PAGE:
Project description:ErbB4 (HER4) is a member of the ErbB family of receptor tyrosine kinases, which includes the Epidermal Growth Factor Receptor (EGFR/ErbB1), ErbB2 (HER2/Neu), and ErbB3 (HER3). Mounting evidence indicates that ErbB4, unlike EGFR or ErbB2, functions as a tumor suppressor in many human malignancies. Previous analyses of the constitutively-dimerized and -active ErbB4 Q646C mutant indicate that ErbB4 kinase activity and phosphorylation of ErbB4 Tyr1056 are both required for the tumor suppressor activity of this mutant in human breast, prostate, and pancreatic cancer cell lines. However, the cytoplasmic region of ErbB4 possesses additional putative functional motifs, and the contributions of these functional motifs to ErbB4 tumor suppressor activity have been largely underexplored. Here we demonstrate that ErbB4 BH3 and LXXLL motifs, which are thought to mediate interactions with Bcl family proteins and steroid hormone receptors, respectively, are required for the tumor suppressor activity of the ErbB4 Q646C mutant. Furthermore, abrogation of the site of ErbB4 cleavage by gamma-secretase also disrupts the tumor suppressor activity of the ErbB4 Q646C mutant. This last result suggests that ErbB4 cleavage and subcellular trafficking of the ErbB4 cytoplasmic domain may be required for the tumor suppressor activity of the ErbB4 Q646C mutant. Indeed, here we demonstrate that mutants that disrupt ErbB4 kinase activity, ErbB4 phosphorylation at Tyr1056, or ErbB4 cleavage by gamma-secretase also disrupt ErbB4 trafficking away from the plasma membrane and to the cytoplasm. This supports a model for ErbB4 function in which ErbB4 tumor suppressor activity is dependent on ErbB4 trafficking away from the plasma membrane and to the cytoplasm, mitochondria, and/or the nucleus.
Project description:Pharmacologic blockade of EGFR or the closely related receptor ERBB2 has modest efficacy against colorectal cancers in the clinic. Although the upregulation of ERBB3, a pseudo-kinase member of the EGFR/ERBB family, is known to contribute to EGFR inhibitor resistance in other cancers, its functions in normal and malignant intestinal epithelium have not been defined. We have shown here that the intestinal epithelium of mice with intestine-specific genetic ablation of Erbb3 exhibits no cytological abnormalities but does exhibit loss of expression of ERBB4 and sensitivity to intestinal damage. By contrast, intestine-specific Erbb3 ablation resulted in almost complete absence of intestinal tumors in the ApcMin mouse model of colon cancer. Unlike nontransformed epithelium lacking ERBB3, intestinal tumors lacking ERBB3 had reduced PI3K/AKT signaling, which led to attenuation of tumorigenesis via a tumor-specific increase in caspase-3-mediated apoptosis. Consistent with the mouse data, which suggest that ERBB3-ERBB4 heterodimers contribute to colon cancer survival, experimentally induced loss of ERBB3 in a KRAS mutant human colon cancer cell line was associated with loss of ERBB4 expression, and siRNA knockdown of either ERBB3 or ERBB4 resulted in elevated levels of apoptosis. These results indicate that the ERBB3 pseudo-kinase has essential roles in supporting intestinal tumorigenesis and suggest that ERBB3 may be a promising target for the treatment of colorectal cancers.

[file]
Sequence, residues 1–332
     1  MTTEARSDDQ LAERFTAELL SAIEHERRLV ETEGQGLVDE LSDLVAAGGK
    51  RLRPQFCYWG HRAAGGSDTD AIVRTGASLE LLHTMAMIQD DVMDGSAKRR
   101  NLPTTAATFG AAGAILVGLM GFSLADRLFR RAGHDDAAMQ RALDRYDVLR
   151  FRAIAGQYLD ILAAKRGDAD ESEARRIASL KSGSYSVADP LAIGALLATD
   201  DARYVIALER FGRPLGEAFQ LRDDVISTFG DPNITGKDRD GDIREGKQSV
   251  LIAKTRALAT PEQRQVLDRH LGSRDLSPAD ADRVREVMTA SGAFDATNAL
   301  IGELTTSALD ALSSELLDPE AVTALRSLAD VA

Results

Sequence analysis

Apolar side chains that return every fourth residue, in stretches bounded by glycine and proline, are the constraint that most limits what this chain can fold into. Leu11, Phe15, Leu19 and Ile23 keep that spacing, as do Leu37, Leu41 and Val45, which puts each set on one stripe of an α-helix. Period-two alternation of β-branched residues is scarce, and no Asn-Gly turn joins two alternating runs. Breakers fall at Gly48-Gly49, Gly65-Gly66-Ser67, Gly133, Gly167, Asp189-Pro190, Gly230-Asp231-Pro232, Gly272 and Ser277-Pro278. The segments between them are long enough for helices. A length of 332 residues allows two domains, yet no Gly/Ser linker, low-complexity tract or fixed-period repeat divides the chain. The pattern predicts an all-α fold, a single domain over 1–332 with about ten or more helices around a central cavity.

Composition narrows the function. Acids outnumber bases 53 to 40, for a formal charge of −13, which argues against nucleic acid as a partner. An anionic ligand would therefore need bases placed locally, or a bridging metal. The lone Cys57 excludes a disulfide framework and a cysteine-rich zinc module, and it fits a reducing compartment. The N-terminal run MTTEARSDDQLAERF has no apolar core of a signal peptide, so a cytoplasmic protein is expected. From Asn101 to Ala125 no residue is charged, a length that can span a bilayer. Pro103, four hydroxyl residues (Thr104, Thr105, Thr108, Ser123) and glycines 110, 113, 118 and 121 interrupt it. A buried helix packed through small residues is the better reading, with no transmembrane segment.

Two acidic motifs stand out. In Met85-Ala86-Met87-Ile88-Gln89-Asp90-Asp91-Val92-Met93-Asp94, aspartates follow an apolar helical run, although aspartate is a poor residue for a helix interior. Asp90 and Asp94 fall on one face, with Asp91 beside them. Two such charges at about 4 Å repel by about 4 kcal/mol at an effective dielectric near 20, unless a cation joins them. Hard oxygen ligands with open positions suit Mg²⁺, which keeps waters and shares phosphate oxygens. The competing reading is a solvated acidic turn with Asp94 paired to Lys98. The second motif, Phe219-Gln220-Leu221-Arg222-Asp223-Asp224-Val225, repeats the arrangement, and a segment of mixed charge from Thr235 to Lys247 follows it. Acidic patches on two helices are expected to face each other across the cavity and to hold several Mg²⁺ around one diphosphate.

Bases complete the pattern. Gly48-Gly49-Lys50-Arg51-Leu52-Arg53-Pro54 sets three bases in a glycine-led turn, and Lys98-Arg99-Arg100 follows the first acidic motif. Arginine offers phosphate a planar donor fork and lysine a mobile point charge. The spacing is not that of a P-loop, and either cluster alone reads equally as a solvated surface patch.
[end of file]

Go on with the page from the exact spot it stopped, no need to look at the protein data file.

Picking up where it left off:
Project description:Recently, the epidermal growth factor (EGF) receptor (EGFR), a member of the ErbB receptor family, and its down-stream signalling have been identified as co-factors for HCV entry and replication. Since EGFR also functions as a heterodimer with other ErbB receptor family members, the subject of the present study was to investigate a possible viral interference with these cellular components. By using genotype 1b replicon cells as well as an infection-based system we found that while transcript and protein levels of EGFR and ErbB2 were up-regulated or unaffected, respectively, HCV induced a substantial reduction of ErbB3 and ErbB4 expression. Down-regulation of ErbB3 expression by HCV involves specificity protein (Sp)1-mediated induction of Neuregulin (NRG)1 expression as well as activation of Akt. Consistently, at transcript level disruption of ErbB3 expression by HCV can be prevented by knockdown of NRG1 or Sp1 expression, whereas reconstitution of ErbB3 protein levels requires inhibition of HCV-induced NRG1 expression and of Akt activity. Interestingly, the NRG1-mediated suppression of ErbB3 expression by HCV results in an enhanced expression of EGFR and ErbB2 on the cell surface, which can be mimicked by siRNA-mediated knockdown of ErbB3 expression. These data delineate a novel mechanism enabling HCV to sway the composition of the ErbB family members on the surface of its host cell by an NRG1-driven circuit and unravels a yet unknown cross-regulation between ErbB3 and the two other family members ErbB2 and EGFR. The shift of the receptor surface expression of the ErbB family towards enhanced expression of ErbB2 and EGFR triggered by HCV was found to promote viral RNA replication and infectivity. This suggests that HCV rearranges expression of ErbB family members to adapt the cellular environment to its requirements.